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Respiratory failure during COVID-19 could be linked to certain genetic variants
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Respiratory failure during COVID-19 could be linked to certain genetic variants

Using data from genome-wide association study, experts speculate that gene variants encoding blood types and a multidisciplinary chromosome 3 could be the reason behind respiratory failure during COVID-19.

Though it’s been several months since its first case, COVID-19 still manages to surprise scientists. In spite of numerous studies, experts are still unable to understand the reason why the virus reacts differently among different people, for example how some people get really sick, while others stay asymptomatic. 

In a report published in the journal MedRx, using data from genome-wide association study (GWAS), scientists find abnormalities, a variant in the gene encoding blood types was noticed in COVID-19 patients suffering from respiratory failure. In addition, a displacement in the multi-gene cluster chromosome 3 was also noticed. 

More on the gene variants:

Analyzing data from GWAS depends on the availability of genome in the bank. This is especially tricky and crucial in a brand new pandemic such as COVID-19. The authors of this study, in a candid statement, mentioned that it was his link with several scientists from Norway and Spain which helped him collect the data that was needed. 

The research team of this study initially collected and analyzed around 775 COVID-19 patients and 950 control patients from Spain and 835, 1255 patients, and control from Italy respectively.  All the collected samples were from patients who tested positive for COVID-19 and suffered moderate to severe respiratory failure. 

The team performed genomic analysis from the COVID-19 positive patient and compared the results with the control. They observed a peculiar result, a variant in the gene locus encoding blood types. Patients with blood type A were observed to be at a higher risk for respiratory failure, while blood group O patients were more immune. Blood group A were almost 1.5 times more prone to respiratory failure compared to blood type O.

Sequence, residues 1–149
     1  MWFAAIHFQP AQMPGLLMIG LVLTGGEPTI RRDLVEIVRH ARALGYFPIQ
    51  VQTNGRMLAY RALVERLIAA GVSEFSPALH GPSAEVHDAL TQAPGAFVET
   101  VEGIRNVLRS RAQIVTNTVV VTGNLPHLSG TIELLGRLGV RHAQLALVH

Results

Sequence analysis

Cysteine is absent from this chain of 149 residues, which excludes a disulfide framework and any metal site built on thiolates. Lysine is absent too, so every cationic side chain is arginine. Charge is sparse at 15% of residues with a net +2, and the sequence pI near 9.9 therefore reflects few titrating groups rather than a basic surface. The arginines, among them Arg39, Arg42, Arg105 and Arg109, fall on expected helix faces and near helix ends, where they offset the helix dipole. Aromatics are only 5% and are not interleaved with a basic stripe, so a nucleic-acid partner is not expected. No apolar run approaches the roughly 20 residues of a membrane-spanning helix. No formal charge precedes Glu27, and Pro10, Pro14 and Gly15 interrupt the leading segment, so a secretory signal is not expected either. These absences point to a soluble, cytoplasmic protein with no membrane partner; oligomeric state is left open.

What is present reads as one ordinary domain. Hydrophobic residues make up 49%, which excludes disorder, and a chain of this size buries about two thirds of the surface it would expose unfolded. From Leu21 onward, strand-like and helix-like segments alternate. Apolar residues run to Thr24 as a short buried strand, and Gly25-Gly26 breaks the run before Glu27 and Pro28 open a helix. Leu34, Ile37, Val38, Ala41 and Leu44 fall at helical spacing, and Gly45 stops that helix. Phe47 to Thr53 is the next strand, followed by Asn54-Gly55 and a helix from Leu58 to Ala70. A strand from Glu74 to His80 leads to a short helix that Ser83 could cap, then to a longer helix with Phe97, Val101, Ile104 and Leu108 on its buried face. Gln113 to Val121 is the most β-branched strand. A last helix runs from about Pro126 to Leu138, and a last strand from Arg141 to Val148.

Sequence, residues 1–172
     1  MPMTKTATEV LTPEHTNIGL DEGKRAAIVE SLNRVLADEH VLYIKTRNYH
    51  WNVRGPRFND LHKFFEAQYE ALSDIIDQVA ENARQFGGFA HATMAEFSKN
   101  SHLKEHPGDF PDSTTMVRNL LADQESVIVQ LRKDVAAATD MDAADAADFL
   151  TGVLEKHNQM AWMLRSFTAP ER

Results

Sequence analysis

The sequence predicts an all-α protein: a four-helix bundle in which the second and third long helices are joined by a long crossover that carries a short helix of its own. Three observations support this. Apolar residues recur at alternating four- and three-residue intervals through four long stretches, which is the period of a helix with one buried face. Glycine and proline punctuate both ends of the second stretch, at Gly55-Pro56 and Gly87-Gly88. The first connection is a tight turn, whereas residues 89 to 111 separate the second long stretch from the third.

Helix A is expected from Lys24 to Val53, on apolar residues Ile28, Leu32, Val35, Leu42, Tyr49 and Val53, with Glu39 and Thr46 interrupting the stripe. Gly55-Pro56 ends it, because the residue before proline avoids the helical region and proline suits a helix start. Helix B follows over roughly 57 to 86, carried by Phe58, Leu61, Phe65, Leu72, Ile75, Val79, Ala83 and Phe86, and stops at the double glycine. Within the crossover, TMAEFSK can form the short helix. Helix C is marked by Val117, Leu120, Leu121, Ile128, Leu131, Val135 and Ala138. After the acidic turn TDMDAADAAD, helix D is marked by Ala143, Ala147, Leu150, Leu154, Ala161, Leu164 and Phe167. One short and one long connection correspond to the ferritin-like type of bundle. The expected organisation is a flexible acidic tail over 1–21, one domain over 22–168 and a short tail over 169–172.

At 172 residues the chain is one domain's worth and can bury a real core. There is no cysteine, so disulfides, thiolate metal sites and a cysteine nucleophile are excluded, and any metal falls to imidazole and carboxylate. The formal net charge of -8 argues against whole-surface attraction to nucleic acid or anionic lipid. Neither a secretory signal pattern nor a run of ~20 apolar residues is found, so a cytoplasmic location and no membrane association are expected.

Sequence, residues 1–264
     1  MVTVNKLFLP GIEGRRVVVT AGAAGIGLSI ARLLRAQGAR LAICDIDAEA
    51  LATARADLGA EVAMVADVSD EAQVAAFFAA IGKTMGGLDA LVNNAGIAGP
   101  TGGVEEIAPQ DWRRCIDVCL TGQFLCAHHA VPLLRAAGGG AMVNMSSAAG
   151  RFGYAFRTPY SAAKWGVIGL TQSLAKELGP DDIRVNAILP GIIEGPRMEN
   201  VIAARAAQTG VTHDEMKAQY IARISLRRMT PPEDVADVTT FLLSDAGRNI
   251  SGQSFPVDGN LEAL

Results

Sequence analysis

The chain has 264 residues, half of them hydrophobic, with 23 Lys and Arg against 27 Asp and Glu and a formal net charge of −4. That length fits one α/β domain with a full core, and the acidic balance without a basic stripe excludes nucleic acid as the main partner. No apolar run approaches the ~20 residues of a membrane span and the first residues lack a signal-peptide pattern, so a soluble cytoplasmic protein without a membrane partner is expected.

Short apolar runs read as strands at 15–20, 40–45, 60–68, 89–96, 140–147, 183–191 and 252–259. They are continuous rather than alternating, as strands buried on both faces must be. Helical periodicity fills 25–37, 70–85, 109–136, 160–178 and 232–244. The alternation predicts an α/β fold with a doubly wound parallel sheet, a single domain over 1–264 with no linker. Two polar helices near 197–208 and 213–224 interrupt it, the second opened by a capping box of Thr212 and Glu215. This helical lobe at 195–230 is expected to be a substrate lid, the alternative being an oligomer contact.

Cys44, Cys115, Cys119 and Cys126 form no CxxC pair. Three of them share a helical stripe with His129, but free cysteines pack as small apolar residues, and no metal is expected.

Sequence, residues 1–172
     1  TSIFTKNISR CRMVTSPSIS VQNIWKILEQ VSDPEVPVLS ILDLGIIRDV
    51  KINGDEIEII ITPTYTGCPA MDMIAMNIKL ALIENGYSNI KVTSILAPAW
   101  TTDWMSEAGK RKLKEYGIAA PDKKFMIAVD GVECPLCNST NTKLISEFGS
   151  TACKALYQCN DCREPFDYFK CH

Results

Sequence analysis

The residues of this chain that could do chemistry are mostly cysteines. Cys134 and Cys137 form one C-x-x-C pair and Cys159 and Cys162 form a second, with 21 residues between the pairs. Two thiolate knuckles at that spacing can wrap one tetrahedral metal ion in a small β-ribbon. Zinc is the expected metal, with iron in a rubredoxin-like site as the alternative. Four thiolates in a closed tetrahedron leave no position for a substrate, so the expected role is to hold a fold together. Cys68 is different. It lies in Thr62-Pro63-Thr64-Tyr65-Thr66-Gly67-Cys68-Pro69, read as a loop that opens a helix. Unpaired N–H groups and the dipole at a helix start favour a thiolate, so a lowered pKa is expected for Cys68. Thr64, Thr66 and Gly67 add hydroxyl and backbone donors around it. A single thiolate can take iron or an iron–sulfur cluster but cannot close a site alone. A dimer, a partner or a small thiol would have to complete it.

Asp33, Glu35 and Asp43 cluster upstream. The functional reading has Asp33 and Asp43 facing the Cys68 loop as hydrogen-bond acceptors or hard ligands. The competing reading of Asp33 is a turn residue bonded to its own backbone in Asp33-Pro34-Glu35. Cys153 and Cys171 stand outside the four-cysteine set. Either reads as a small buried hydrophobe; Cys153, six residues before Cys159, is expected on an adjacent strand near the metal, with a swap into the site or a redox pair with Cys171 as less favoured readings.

Experts observed another genomic variant on the human chromosome 3 and several other genes. One such gene is SLC6A20. This gene specifically encodes an amino acid transporter that interacts with the ACE2 receptor used by the COVID-19 virus to enter the host cells. 

How can this possibly help in the fight against COVID-19:

From an individual’s point of view, a patient or people with a blood type A may be at a higher risk to contract the virus, but it should be noted that these effect size very small when compared to the effect the age and sex of the person have on the virus.

Experts from the study also mention that there is a higher risk due to the gene cluster chromosome 3 when compared to the gene locus encoding blood types. 

“SLC6A20 association is intriguing because of the interaction with ACE2, but that the findings for both the chromosome 3 and blood group loci need to be replicated to give more insight into”, says Benjamin Fairfax, a geneticist at the University of Oxford, who was not involved in the study.

Though the possibility of higher risk, the results from this study cannot be individually used to determine the severity of COVID-19 cases. Though the information is not enough to develop treatments, it is a place to start looking.

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